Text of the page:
John Armitage on 10 Aug 2000 15:06:34 -0000

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[Nettime-bold] Castells

Hi all

One of the best reviews/critiques of Castells around is the one by Roger
Bromley in _Radical Philosophy 97_  Sept/Oct 1999. 

Don't know the page numbers but check the RP web site and the intro below
--its all the web site will allow one to copy.

Best wishes

John Armitage

The space of flows and timeless time
Manuel Castells's The Information Age
Simon Bromley
Manuel Castells's trilogy The Information Age* has been widely heralded as
one of the most significant works of substantive social theory to appear for
several decades. Its three volumes have been described by Anthony Giddens as
`perhaps the most significant attempt that anyone has yet written to come to
terms with the extraordinary transformations now going on in the social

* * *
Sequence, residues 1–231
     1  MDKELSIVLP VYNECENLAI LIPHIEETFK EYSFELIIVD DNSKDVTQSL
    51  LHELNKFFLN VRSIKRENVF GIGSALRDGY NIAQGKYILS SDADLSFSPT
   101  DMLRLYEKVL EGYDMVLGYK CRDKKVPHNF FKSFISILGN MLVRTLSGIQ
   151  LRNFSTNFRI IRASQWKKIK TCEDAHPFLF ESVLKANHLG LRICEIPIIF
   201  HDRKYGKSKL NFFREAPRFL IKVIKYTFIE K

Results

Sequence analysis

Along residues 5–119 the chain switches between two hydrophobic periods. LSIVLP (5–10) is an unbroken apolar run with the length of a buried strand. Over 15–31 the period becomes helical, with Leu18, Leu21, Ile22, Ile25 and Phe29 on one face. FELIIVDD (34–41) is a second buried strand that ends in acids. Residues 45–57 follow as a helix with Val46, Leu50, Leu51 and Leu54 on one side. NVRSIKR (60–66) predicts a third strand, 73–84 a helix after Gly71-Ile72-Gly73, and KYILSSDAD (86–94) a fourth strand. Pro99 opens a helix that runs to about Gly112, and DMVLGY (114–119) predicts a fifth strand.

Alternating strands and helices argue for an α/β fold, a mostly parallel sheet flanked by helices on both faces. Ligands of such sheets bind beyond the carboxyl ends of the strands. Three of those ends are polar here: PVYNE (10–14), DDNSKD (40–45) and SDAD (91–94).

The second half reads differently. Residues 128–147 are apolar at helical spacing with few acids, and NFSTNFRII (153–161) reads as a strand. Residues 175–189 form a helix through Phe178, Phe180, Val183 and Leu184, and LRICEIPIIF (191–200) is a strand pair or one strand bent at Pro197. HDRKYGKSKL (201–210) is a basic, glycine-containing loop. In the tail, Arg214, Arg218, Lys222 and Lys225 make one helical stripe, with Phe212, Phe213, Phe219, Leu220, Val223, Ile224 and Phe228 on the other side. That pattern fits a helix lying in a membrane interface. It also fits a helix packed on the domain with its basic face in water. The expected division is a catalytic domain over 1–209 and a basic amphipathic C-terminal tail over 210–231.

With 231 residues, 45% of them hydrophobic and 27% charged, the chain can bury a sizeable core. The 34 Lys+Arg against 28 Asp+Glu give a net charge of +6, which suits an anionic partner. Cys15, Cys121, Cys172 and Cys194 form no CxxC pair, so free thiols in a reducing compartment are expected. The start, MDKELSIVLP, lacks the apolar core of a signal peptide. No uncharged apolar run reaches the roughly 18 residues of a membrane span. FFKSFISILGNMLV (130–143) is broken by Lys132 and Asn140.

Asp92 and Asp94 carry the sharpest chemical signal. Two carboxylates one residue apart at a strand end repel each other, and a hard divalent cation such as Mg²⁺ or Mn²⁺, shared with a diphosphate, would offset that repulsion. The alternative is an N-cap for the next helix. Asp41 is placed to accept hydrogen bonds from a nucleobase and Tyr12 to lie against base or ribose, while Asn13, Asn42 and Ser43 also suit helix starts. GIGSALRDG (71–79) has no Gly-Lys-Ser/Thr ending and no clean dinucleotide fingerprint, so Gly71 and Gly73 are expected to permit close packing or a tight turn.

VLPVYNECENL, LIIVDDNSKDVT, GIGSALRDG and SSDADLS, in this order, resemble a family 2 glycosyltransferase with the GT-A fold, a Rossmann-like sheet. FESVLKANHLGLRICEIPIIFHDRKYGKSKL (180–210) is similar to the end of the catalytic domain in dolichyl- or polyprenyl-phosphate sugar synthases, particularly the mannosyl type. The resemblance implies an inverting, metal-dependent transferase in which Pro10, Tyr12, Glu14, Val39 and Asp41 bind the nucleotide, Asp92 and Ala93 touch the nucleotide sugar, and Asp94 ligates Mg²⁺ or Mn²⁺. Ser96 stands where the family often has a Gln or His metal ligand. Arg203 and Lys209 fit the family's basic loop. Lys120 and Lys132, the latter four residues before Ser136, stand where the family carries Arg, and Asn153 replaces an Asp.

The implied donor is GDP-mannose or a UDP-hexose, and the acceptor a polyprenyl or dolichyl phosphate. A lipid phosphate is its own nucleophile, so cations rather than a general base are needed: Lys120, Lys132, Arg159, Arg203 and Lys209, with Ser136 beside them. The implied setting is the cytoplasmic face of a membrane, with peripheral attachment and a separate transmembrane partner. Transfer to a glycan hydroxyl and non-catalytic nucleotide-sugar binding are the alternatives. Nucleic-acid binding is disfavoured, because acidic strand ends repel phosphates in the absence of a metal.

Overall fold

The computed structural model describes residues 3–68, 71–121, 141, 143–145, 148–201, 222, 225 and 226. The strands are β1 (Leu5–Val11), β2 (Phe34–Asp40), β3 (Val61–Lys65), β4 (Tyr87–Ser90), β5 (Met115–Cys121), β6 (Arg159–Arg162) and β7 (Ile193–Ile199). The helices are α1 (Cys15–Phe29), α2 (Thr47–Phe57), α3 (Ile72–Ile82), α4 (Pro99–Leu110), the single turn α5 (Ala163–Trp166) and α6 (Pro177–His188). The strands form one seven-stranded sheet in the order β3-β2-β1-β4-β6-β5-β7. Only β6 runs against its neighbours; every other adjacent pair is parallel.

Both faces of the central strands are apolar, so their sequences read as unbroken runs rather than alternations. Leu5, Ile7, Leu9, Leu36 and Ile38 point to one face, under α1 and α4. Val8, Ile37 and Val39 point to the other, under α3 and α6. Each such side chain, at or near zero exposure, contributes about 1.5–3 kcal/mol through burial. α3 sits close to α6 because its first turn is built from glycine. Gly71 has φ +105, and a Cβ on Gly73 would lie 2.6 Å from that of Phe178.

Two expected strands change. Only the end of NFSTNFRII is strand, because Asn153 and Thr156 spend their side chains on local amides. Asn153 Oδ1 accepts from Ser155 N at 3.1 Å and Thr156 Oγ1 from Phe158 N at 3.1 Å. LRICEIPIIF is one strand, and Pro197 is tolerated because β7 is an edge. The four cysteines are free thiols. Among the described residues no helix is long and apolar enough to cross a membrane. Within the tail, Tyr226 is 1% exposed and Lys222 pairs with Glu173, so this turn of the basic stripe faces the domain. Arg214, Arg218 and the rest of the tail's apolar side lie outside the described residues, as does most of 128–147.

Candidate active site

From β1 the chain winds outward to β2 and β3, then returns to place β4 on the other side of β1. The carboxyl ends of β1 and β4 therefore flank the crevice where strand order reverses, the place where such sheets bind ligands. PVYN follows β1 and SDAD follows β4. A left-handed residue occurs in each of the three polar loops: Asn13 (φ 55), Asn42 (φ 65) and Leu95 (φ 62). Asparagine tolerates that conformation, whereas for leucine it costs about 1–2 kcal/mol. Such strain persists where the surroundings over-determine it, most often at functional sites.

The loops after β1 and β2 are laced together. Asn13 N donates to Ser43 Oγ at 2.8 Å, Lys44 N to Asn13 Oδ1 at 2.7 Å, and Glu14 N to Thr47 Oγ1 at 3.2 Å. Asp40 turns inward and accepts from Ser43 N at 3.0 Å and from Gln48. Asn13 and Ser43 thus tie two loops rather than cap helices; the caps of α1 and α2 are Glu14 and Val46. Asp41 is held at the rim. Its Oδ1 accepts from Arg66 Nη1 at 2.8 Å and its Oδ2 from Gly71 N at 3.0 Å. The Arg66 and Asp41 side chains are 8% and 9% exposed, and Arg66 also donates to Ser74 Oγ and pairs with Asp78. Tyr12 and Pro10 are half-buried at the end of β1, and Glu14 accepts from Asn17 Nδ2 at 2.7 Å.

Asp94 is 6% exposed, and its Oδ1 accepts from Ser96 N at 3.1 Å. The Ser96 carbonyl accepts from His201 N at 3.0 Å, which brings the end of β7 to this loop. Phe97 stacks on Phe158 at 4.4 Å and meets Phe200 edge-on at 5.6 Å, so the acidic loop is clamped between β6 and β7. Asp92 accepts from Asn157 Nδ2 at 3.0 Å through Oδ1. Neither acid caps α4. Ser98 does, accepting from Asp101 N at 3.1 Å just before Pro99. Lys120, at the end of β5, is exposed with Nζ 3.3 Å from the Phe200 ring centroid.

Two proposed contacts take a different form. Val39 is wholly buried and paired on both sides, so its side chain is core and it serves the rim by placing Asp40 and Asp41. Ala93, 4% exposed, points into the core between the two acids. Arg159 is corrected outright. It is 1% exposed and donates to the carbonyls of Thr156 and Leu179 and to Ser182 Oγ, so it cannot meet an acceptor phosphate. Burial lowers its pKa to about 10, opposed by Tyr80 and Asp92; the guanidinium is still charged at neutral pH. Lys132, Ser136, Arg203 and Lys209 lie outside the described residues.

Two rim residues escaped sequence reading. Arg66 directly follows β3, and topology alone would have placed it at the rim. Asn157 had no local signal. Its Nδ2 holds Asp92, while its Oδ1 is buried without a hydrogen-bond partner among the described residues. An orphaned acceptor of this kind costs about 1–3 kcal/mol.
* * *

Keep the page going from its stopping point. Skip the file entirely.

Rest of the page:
world', and the work as a whole has been compared favourably to the great
achievements of nineteenth-century social theory - Marx's Capital and
Weber's Economy and Society. It will take some time to digest and fully
assess this vast work; whether or not these commendations and comparisons
are justified remains to be seen, but Castells surely deserves praise for
the sheer ambition, scope and imagination of the enterprise. 
Castells believes that we are witnessing a fundamental transformation in the
nature of modern societies - the emergence of the network society - and The
Information Age seeks not only to provide a theoretical account of this new,
global order but also to substantiate this argument by means of a concrete
examination of the main social processes and institutions which comprise the
network society and to investigate these developments on a worldwide basis.1
The network society is a social order embodying a logic which Castells
characterizes as the `space of flows' in contrast to the historically
created institutions and organizations of the space of places which
characterized industrial society in both its capitalist and statist
variants.2 The central focus of the work is thus the organizational logic of
society, understood primarily in terms of the spatial and temporal
patterning of social practices. Of course, this argument is not new.